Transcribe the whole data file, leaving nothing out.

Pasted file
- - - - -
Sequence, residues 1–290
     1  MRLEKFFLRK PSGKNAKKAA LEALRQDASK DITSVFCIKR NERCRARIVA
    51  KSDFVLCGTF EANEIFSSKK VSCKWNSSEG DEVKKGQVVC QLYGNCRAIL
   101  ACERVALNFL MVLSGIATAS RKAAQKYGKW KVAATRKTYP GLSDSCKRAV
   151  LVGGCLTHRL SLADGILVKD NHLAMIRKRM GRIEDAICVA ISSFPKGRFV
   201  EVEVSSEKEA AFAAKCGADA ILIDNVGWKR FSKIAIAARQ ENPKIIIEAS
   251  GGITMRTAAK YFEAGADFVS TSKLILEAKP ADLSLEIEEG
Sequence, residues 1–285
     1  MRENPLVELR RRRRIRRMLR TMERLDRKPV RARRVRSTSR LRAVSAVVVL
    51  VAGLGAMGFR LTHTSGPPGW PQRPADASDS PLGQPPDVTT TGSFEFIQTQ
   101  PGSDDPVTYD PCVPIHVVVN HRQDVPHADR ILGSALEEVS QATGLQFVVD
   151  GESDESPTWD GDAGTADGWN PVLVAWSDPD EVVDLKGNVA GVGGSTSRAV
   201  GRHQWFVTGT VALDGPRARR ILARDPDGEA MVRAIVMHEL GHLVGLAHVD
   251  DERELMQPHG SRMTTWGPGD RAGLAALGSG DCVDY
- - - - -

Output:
Sequence, residues 1–290
     1  MRLEKFFLRK PSGKNAKKAA LEALRQDASK DITSVFCIKR NERCRARIVA
    51  KSDFVLCGTF EANEIFSSKK VSCKWNSSEG DEVKKGQVVC QLYGNCRAIL
   101  ACERVALNFL MVLSGIATAS RKAAQKYGKW KVAATRKTYP GLSDSCKRAV
   151  LVGGCLTHRL SLADGILVKD NHLAMIRKRM GRIEDAICVA ISSFPKGRFV
   201  EVEVSSEKEA AFAAKCGADA ILIDNVGWKR FSKIAIAARQ ENPKIIIEAS
   251  GGITMRTAAK YFEAGADFVS TSKLILEAKP ADLSLEIEEG
Sequence, residues 1–285
     1  MRENPLVELR RRRRIRRMLR TMERLDRKPV RARRVRSTSR LRAVSAVVVL
    51  VAGLGAMGFR LTHTSGPPGW PQRPADASDS PLGQPPDVTT TGSFEFIQTQ
   101  PGSDDPVTYD PCVPIHVVVN HRQDVPHADR ILGSALEEVS QATGLQFVVD
   151  GESDESPTWD GDAGTADGWN PVLVAWSDPD EVVDLKGNVA GVGGSTSRAV
   201  GRHQWFVTGT VALDGPRARR ILARDPDGEA MVRAIVMHEL GHLVGLAHVD
   251  DERELMQPHG SRMTTWGPGD RAGLAALGSG DCVDY